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Removing African clawed frogs makes a difference

04 February 2016

Publicity for Andre's paper on platanna removal

Media obsessed by cannibalism

One has to wonder at the media obsession with cannibalism and the fact that it has nothing to do with the story. It was great that the reporter managed to get a picture of a frog. Shame that it has nothing to do with the story. Other than that, he did an ok job. 

  News  Xenopus

French frogs say "oui" to more genetic diversity

02 February 2016

How diverse are French populations of African clawed frogs?

Invasions are of populations and not species. This is a common trueism across many invasions of both plants and animals, and relates to the limitation of the original invading propagules. But sometimes, introductions are deliberate and the invasive population results from cultivated high genetic diversity. Knowing the origins of the invasion can be important in tackling the removal of the invasive population.

To date, every invasive population of Xenopus laevis investigated for genetic diversity has shown haplotypes consistent with their origin in the Western Cape, and more specifically from the areas collected for exports from around Jonkershoek. Now, a new study by De Busschere et al (2016) shows that this is also true for Portugal, but not for France. In fact, the diversity in France is so high that it rivals diversity seen in South Africa.

Unlike other invasions, the French population started from a CNRS breeding facility, so there may have been a deliberate intention to increase the genetic diversity of the breeding stock. Could this result in an increased hybrid vigor in the resulting invasive population? This question is currently being investigated in a collaboration funded by the European Union: INVAXEN.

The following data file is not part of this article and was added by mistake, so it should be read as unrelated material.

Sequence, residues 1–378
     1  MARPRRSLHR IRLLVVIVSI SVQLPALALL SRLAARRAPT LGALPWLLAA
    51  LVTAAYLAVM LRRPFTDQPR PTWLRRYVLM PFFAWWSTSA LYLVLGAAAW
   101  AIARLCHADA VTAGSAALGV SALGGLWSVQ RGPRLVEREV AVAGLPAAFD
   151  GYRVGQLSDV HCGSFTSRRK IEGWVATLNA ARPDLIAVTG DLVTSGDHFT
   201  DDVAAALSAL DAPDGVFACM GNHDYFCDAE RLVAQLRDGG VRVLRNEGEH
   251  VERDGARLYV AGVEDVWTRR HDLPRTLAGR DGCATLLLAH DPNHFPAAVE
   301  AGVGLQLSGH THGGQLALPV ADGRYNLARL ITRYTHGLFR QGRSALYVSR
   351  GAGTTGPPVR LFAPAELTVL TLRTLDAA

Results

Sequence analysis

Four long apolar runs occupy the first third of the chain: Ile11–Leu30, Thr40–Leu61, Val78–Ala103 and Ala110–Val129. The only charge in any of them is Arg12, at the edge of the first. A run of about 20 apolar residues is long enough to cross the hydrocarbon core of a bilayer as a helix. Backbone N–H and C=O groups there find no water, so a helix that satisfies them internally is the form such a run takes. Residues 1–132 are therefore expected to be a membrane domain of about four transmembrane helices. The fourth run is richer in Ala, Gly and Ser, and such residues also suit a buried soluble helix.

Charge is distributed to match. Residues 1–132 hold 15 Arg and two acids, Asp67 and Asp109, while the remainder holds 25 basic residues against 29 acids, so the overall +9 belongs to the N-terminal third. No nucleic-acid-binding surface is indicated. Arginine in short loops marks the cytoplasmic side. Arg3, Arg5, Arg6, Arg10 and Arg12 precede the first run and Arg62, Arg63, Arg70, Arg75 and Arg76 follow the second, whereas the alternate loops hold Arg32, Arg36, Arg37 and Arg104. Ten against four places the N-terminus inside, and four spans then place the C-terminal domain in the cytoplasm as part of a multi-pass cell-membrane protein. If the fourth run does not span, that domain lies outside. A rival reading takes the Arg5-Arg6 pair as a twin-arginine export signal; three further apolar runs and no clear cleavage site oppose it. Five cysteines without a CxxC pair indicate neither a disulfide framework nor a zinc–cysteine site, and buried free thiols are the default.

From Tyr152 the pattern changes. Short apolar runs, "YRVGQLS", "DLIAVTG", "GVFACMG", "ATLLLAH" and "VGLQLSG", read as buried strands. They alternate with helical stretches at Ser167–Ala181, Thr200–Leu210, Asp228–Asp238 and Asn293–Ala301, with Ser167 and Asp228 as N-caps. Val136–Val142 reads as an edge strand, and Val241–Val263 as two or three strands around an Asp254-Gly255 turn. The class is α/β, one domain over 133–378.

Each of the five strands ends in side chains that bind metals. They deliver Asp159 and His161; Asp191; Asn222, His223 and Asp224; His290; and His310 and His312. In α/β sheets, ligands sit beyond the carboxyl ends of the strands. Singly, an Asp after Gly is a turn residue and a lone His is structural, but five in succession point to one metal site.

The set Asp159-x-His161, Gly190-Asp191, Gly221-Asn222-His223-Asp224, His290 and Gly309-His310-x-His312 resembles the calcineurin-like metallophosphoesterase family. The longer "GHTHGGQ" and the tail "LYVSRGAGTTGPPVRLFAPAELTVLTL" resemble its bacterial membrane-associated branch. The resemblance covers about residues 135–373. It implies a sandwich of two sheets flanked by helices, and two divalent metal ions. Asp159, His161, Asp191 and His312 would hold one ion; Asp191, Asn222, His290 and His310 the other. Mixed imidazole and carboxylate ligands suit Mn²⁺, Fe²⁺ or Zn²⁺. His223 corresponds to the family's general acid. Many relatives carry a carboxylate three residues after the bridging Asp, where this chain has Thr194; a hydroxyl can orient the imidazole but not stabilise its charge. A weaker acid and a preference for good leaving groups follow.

Mac starts work at SANParks

01 February 2016

Mac leaves the lab to start work at South African National Parks in their Garden Route Research Centre. We're all sad to see Mac go, but wish him all the best in his new position. 

  Lab  News

Cape Herp Club - braai

28 January 2016

Cape Herp Club Braai

The annual Cape Herp Braai was celebrated in good style in Jonkershoek. Can you spot the lab members below?

Cape Herp Club

  Lab  News

Andre's paper published

21 January 2016

Can we provide evidence that conservation measures are effective? 

This is the major question behind articles in the journal Conservation Evidence. Today, Andre de Villiers published a short contribution to Conservation Evidence which shows that work over the last 5 years to remove African clawed frogs (Xenopus laevis) from an area they invaded in the Cape of Good Hope. Andre's article compares populations of the IUCN Endangered Cape platanna (Xenopus gilli) in an area near Kleinmond where there is no control of African clawed frogs. He found that when African clawed frogs were removed, the population of Cape platannas was healthier. In addition, he shows that regular monitoring of African clawed frogs is necessary to prevent invasion outbreaks, which are costly to remove.

  News  Xenopus
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